Tuesday, March 15, 2011

35 years of union in Nevada, Happy Birthday SAG

We are Union
By Art Lynch

National Board Director, Nevada

Wages and working conditions are the foundation of any union. They keep us safe and pay a fair wage. Collective bargaining is how we negotiate to secure the foundation our members need (union wages are a floor, not a set rate or ceiling). Right now the collective bargaining rights of many of our brothers and sisters are under attack in Wisconsin and at least two other states. Quite simply, we cannot afford for the recession and resulting budget deficits to be used as an excuse to weaken union protections and our ability to represent each other as brothers and sisters to negotiate for safety, security and a fair wage. I urge Nevada SAG members to do all we can to support our brothers and sisters in Wisconsin and elsewhere. Do not for a moment think that this is not your fight. We also have a target painted on our backs by the same forces behind any attempt to weaken our fellow unions in the public sector.

More Than 35 Years of Union Activism

Working conditions also led to the birth of the Nevada Branch. While on the set of the 1971 James Bond movie Diamonds are Forever, SAG members from Nevada were exposed to conditions they considered abusive. With the help of National, they stood up and changes were made. That passion led to the organic growth of the Nevada Branch, officially added to the Guild’s branch system 35 years ago.

I urge you to attend the March 27 Nevada SAG membership meeting to celebrate our birthday!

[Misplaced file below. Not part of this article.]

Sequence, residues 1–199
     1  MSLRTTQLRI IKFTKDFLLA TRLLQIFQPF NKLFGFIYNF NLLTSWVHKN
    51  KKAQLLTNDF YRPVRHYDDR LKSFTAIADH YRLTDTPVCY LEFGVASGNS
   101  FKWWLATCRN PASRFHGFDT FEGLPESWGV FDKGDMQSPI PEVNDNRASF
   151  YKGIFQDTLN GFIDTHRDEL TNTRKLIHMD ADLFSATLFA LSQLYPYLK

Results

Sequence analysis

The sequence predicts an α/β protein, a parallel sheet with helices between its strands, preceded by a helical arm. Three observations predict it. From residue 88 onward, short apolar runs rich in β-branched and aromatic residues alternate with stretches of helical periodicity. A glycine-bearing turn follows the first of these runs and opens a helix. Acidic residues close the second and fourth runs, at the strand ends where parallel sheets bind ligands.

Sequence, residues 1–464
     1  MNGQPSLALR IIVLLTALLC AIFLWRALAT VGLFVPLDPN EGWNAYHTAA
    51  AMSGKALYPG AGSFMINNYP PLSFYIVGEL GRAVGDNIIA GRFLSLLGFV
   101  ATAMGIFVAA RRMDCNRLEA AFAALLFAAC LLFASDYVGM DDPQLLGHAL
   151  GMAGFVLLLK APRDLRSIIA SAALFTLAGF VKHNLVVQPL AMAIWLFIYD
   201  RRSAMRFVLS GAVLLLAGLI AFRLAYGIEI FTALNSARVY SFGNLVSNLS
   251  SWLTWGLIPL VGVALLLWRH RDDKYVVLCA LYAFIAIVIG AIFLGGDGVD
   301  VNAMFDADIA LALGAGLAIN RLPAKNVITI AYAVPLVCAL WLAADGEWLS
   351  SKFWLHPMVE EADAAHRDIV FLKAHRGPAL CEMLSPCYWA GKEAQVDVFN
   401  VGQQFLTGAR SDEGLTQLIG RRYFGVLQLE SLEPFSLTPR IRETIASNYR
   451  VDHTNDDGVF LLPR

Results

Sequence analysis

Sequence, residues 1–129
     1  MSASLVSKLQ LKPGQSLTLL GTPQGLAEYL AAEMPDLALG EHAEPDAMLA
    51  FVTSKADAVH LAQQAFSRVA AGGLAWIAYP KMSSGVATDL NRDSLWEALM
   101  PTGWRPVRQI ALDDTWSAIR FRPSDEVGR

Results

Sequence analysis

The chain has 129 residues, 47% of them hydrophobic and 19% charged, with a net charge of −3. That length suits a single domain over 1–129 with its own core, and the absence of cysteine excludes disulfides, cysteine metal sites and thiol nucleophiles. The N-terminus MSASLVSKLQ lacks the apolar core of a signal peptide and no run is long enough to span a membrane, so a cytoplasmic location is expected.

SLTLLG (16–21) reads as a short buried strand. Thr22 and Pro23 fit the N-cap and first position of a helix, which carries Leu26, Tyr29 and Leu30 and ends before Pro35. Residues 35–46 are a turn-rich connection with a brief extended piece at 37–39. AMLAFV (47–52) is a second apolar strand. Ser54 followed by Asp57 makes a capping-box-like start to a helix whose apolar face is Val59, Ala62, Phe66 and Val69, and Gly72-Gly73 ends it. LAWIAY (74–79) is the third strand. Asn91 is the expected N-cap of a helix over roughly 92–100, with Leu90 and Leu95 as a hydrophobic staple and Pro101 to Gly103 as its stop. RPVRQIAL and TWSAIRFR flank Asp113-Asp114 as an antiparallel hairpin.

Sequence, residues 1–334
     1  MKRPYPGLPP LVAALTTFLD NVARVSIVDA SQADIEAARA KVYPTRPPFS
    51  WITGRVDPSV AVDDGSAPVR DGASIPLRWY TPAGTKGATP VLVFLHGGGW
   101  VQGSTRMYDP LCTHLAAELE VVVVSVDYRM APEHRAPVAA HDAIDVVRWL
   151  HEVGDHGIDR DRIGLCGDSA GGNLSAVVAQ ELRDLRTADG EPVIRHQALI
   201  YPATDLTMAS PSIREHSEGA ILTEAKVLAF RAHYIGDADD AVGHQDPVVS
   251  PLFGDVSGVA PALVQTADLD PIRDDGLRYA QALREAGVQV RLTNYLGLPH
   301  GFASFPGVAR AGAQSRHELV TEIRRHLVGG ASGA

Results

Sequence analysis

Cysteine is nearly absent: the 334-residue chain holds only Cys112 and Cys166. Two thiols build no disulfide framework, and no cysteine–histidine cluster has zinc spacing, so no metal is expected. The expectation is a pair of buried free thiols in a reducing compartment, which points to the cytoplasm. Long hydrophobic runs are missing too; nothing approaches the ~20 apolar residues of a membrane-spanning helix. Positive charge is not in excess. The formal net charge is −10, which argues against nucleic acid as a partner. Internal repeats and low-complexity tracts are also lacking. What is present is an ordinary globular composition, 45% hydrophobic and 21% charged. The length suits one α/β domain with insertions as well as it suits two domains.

More Than 20 Years of Guild Service

At our membership meeting, we will also honor the longest-serving president in Nevada SAG history, Steve Dressler. As most of you know, I worked with Steve on the council when I was Branch president and as your elected representative on the National Board of Directors. While he modestly does not advertise it, Steve pulled no punches in talking with staff, officers and National Board members as he worked effectively to represent Nevada’s membership.

Together, we helped bring an office and local executives to Nevada to expand our background zone, to raise national recognition of the needs of all Branches operating under the federally mandated limitations of “right-to-work” laws, and to keep Nevada high on the radar of board members from Los Angeles, New York and other Branches. Most of the work of a Branch president is done in committees, in sidebar conversations and in more paperwork than most of us can appreciate.

Our Birthday Celebration

Please join me in thanking Steve Dressler, President Barbara Grant, your Nevada Branch officers and council, and all those who have served the Nevada membership as we celebrate our official birthday.


Many members have asked if we are closer to a merger with AFTRA. Yes, but that does not mean it will be a done deal.

The national presidents and the boards of both unions are committed to the need to join together as the power wielded by management increases, technology blurs the lines and opposition to, or a misunderstanding of, unions spreads in geography and numbers.

In truth, when change comes, it will most likely take the form of a new union with its roots and history in both Screen Actors Guild and the American Federation of Television and Radio Artists.